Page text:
Welcome, Guest

Author Topic: News from Down Under  (Read 643 times)

Offline max2

  • Field Bee
  • ***
  • Posts: 783
  • Gender: Male
News from Down Under
« on: August 31, 2022, 07:01:14 pm »
Greetings Beekeepers.

Welcome to Spring in Australia 1. September 2022

You will notice a new heading " News from Down Under" which has been approved, indeed supported by our moderators.

While I will try to cover some Bee News from Australia, I will mainly focus on bee related activities from Queensland - the state in Australia where I live and keep bees.
I will continue to submit news to the " Varroa" heading and the " What's flowering in Qld" heading.

I have kept bees for about 46 years.
We are small beekeepers who love our bees and most of the activities associated with bees.
I'm no expert!

This heading will only be interesting if many other beekeepers from Australia ( and indeed Overseas) are contributing.

A new start with Spring!!

With my best wishes
max

Online Acebird

  • Galactic Bee
  • ******
  • Posts: 7469
  • Gender: Male
  • No longer keeping bees
Re: News from Down Under
« Reply #1 on: September 01, 2022, 04:19:11 pm »
Hey that is great Max.  I will be looking forward to the post.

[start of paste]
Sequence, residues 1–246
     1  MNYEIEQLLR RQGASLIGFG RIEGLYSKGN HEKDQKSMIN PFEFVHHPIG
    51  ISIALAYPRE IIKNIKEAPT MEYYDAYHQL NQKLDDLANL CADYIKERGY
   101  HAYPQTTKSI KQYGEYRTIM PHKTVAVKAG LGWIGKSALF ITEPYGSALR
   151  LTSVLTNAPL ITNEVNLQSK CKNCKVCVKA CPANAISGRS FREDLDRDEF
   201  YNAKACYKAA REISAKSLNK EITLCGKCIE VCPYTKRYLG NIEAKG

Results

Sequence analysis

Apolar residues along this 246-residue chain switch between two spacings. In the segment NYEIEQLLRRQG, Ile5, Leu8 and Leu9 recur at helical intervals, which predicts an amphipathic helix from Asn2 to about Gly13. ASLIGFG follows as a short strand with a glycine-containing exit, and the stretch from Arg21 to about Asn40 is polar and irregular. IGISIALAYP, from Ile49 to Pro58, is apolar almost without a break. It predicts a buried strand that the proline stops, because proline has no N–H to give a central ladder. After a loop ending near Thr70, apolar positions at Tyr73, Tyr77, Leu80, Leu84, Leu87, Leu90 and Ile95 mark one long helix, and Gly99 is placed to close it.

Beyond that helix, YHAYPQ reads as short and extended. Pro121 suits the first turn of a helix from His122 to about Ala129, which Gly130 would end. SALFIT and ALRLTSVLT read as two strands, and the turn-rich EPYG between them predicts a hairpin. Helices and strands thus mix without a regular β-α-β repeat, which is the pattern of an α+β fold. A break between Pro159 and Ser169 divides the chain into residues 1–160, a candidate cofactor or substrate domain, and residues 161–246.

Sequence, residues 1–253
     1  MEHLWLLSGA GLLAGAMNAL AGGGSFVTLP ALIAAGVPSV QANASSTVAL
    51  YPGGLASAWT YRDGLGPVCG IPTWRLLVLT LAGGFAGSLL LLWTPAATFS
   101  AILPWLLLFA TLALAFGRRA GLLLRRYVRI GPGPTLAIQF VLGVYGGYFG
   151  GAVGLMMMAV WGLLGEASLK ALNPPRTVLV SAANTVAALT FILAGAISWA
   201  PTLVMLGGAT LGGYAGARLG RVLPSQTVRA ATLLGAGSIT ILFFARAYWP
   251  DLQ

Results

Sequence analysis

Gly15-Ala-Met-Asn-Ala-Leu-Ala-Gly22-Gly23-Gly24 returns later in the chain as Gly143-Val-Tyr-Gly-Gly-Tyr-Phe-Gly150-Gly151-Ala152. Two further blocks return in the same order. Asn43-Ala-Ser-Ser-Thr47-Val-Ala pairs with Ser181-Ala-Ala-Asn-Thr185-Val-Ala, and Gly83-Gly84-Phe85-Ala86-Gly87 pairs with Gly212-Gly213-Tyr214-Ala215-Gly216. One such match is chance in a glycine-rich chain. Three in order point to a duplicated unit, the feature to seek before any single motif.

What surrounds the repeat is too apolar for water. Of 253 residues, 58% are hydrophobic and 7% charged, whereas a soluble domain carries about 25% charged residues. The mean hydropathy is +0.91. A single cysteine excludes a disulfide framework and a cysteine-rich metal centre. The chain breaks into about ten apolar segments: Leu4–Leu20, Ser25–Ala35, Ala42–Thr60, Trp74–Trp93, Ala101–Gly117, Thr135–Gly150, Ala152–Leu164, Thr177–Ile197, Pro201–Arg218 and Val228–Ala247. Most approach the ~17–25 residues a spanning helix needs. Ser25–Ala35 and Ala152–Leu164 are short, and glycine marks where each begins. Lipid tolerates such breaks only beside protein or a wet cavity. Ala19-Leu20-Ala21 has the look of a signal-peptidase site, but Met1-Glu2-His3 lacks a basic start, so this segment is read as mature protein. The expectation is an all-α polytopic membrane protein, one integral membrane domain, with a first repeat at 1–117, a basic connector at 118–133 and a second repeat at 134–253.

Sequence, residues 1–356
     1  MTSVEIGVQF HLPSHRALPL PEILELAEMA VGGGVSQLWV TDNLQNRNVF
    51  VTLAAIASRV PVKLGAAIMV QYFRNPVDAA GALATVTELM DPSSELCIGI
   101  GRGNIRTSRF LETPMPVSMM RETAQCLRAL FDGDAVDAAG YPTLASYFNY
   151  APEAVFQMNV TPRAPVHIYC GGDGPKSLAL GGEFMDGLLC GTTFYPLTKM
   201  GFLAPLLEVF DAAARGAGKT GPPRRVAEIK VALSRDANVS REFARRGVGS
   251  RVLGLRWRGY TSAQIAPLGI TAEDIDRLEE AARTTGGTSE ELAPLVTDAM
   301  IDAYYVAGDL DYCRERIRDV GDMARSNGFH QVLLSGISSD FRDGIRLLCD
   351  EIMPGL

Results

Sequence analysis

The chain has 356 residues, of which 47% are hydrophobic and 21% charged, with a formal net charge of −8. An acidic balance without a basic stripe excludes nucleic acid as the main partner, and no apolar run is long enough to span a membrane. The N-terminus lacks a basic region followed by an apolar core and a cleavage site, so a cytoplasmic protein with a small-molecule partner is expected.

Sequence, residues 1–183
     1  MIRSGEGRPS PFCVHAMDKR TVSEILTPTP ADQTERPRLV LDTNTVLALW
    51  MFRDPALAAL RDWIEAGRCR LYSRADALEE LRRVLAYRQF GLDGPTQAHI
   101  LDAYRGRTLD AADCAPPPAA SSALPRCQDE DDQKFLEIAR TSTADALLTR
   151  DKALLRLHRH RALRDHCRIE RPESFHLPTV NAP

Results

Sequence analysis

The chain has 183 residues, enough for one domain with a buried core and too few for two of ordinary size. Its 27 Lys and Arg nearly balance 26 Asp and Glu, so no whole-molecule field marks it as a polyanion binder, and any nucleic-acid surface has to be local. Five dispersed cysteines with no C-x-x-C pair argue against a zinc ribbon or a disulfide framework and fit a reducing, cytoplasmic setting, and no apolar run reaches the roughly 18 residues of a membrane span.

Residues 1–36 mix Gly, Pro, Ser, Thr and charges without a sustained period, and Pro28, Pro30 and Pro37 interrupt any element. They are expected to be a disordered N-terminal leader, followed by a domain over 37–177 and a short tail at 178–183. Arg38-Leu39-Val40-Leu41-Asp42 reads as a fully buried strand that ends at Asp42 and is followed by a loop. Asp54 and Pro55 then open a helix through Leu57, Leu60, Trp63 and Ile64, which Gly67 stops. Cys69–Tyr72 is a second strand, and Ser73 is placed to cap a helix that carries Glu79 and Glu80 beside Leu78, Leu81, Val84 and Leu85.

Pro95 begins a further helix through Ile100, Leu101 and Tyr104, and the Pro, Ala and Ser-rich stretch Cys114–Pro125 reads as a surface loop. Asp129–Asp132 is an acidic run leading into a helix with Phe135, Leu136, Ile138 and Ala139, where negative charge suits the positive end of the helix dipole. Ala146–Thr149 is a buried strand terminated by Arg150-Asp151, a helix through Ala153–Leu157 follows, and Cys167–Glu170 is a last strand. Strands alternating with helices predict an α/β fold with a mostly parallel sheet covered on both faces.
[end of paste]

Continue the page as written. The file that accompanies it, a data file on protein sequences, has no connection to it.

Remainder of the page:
Brian Cardinal
Just do it

Offline max2

  • Field Bee
  • ***
  • Posts: 783
  • Gender: Male
Re: News from Down Under
« Reply #2 on: September 02, 2022, 07:13:18 pm »
A rainy day...
Bees were superbusy yesterday and you can feel Spring is in the air.

September is an important month for us here in the Sub tropics.

I have been busy putting foundation into frames.For each nuc I sell I need 5 frames.

I have plenty of nuc boxes ready. And SHB traps too.

I put a drop or three of Lemon Grass Oil into each box. The bees seem to like it. More is not better.

If you have not done your brood check - now is the tiem.

As I went through the brood I also marked the queens - Yellow is the colour for this year.

I number each nuc so that I can keep track of them easily.

I looks like I will be making queens this year in numbers - they are very difficult to find right now. At this point ( due to varroa in the South) queen breeders are not permited to mail queens to us here in Qld. This may change in the future. It has definitely increased the cost/queen and reduced availability of Qld breed queens.

Back to the beehouse getting frames and boxes ready.





Offline max2

  • Field Bee
  • ***
  • Posts: 783
  • Gender: Male
Re: News from Down Under
« Reply #3 on: September 10, 2022, 03:13:25 am »
I had a long day with the bees. perfect weather.

The honey is late coming in - still only  a touch.

The bees are genrally very busy, lots of brood at all stages and loads of bees.

Still getting all this condensation - too much rain, too much fog?

SHB - a few hives have huge numbers but seem to deal with them...other hives NIL. A lot of the beetles seem to be keept under the wings of the traps.